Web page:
Seeing a weight limit this high says to me that this thing is sturdy.
It’s also impressive considering that this rower can fold for easy storage- simply unscrew the little knob under the rail, fold the rail up, and tighten.
Overall, the SR500 is a very heavy-duty rower that can safely handle users of all sizes.
Seat & Handles
Rowing machines have a bit of a bad reputation for being uncomfortable. The seats are firm and most are pretty low to the ground, making them difficult for some to get on/off of.
Well, the SR500 comes with a pretty standard seat, nothing too special going on in the comfort department.
But something that is nice is that the seat on this rower sits higher than most, making it easier to access.
The seat on the SR500 sits 19″ above the ground, which is pretty high for a rower. For the sake of comparison, Concept2’s Model D (which is a great rower) sits 14″ off the ground with its standard legs.
If you don’t have any mobility issues, the extra height might not mean that much to ya, but for people who do have mobility issues, the extra 5 inches or so will make it a lot easier to get on/off of.
The handles are contoured and attached to a belt drive for a smooth rowing motion.
And as I mentioned earlier, the control buttons for the resistance are located on the handle, making it easy to adjust without having to stop rowing and take your hands off the handles.
Overall, the SR500 gets bonus points in my book for sitting higher off the ground than most standard rowing machines and I like that the resistance controls are located on the handles.
A lot of rowing machines come with really simple consoles. This seems to be changing these days, you know, with workout streaming become so popular, but a lot of rowers still come with dated consoles.
The SR500, however, comes with a console that’s more advanced than most in its price range.
You aren’t gonna find a HD touchscreen display or anything like that, but the 5.5″ LCD screen is brightly lit and easy to read during workouts.
It shows all the metrics you’ll need during your rows, including: time, strokes/min, distance, heart rate, calories, watts, and resistance level.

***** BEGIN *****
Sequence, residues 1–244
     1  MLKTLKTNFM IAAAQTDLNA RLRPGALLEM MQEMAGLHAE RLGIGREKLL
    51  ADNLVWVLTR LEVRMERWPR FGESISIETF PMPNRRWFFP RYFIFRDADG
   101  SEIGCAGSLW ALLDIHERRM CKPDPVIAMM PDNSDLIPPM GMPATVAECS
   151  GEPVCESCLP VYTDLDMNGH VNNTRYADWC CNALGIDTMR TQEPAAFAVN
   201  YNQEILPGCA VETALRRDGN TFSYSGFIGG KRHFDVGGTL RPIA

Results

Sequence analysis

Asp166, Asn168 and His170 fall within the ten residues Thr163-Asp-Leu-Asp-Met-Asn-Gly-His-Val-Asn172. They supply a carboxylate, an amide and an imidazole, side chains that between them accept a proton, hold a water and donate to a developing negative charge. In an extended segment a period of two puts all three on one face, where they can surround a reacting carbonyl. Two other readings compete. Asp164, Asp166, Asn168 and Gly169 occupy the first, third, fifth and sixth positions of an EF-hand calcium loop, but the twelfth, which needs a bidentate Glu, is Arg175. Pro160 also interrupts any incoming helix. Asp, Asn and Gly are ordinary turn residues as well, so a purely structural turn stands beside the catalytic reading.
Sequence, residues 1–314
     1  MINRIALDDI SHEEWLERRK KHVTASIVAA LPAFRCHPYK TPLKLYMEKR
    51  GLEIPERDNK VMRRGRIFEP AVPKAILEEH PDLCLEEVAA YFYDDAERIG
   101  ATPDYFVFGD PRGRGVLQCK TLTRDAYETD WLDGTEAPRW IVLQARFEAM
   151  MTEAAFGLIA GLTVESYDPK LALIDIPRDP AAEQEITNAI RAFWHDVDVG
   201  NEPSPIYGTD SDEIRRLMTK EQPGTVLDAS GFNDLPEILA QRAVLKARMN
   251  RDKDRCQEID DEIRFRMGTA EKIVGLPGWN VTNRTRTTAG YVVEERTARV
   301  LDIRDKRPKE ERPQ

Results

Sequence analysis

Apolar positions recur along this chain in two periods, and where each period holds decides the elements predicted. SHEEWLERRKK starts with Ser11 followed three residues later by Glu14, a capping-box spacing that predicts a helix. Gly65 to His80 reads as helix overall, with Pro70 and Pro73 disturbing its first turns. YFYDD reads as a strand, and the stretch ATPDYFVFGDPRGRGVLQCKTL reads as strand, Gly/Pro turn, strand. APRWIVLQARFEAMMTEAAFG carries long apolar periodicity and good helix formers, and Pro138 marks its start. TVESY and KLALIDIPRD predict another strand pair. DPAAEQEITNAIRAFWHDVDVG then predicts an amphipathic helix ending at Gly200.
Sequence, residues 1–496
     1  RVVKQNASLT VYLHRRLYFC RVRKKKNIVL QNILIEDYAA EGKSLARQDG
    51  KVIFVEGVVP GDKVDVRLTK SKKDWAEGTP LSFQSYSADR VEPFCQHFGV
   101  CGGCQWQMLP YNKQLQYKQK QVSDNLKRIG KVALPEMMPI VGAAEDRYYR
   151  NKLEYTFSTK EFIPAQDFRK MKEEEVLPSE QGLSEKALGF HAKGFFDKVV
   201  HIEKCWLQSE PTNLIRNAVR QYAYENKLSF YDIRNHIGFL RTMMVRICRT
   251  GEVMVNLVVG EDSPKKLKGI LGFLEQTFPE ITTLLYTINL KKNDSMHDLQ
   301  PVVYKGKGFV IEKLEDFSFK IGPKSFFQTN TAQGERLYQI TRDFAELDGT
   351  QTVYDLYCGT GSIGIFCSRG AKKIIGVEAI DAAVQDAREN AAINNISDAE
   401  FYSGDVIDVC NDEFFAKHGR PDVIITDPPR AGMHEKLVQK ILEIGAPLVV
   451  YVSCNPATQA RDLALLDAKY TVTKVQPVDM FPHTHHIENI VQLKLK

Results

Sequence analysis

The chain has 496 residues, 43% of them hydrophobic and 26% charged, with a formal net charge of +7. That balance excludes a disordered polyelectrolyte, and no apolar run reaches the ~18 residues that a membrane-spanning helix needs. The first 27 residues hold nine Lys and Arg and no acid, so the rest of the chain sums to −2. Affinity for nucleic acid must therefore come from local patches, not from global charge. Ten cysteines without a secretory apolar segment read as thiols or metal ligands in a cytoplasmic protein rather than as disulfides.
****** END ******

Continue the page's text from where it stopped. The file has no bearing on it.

Yes, the SR500 is chest strap heart rate monitor compatible, but one isn’t included.
This console also comes with 12 workout programs, which is a bit surprising for a rower because many don’t really offer any workout profiles.
These include several goal oriented workouts (time, distance, calorie) as well as interval options. You can also make your own custom interval workout, as well opt for a heart rate program.
There’s even a little game-style workout to make things a little more fun.
You can also adjust the angle of the console, making it easier to find a comfortable viewing position during your workouts.
Overall, the console on the SR500 is more advanced than most in this price range. I like that it comes with so many workout programs to choose from and it’s nice that it’s chest strap compatible.
Most folks shouldn’t have any issues putting the SR500 together themselves. The assembly process is straightforward and Sole does a nice job of making their assembly manual user friendly.
All you really have to do is attach the stabilizer legs to each end, attach the rail to the frame, and then connect the pedals and seat.
Not too much to it.
Just keep in mind that this is a pretty heavy rower, so you might benefit from having another person around to help during the assembly process.
Otherwise, assembly on this model is pretty easy.
The Sole SR500 comes with the following residential warranty:
- Lifetime frame
- 3 year parts/electronics
- 1 year labor
One of the best things about Sole is their long warranties- they really do offer some of the longest guarantees in the biz.
And the warranty on their SR500 is no different.
You can’t beat the lifetime guarantee on the frame, especially considering many high-end rower only offer 5 years. And 3 years on parts is also longer than the 1-2 years most others are offering.
A year on labor is pretty standard.
Overall, this is a great guarantee on this rower (especially for the price range).
P.S. – Sole also offers a light commercial warranty on the SR500: 1 year frame, 1 year parts/electronics, 1 year labor
That about sums it up for the SR500. After looking at all the specs and features, I think it’s pretty safe to say this rower has a lot going for it.
The combination magnetic/air resistance system will be nice for folks who like the idea of being able to set a baseline resistance regardless of how fast they row.
And I love how heavy-duty the frame is and that the console actually comes with several workout programs to choose from.
And having the higher seat makes this rower more accessible than most.
Honestly, I don’t have much to complain about here- this rower’s even well-priced and backed by a great warranty.
The biggest downside is probably its size: at 94″ long, the SR500 takes up more floor space than most (it’s roughly a foot longer than some).
But it does fold.
Overall, I think Sole has a winner on their hands here. The SR500 is easily one of the best dual-resistance rowers out there. Highly recommended.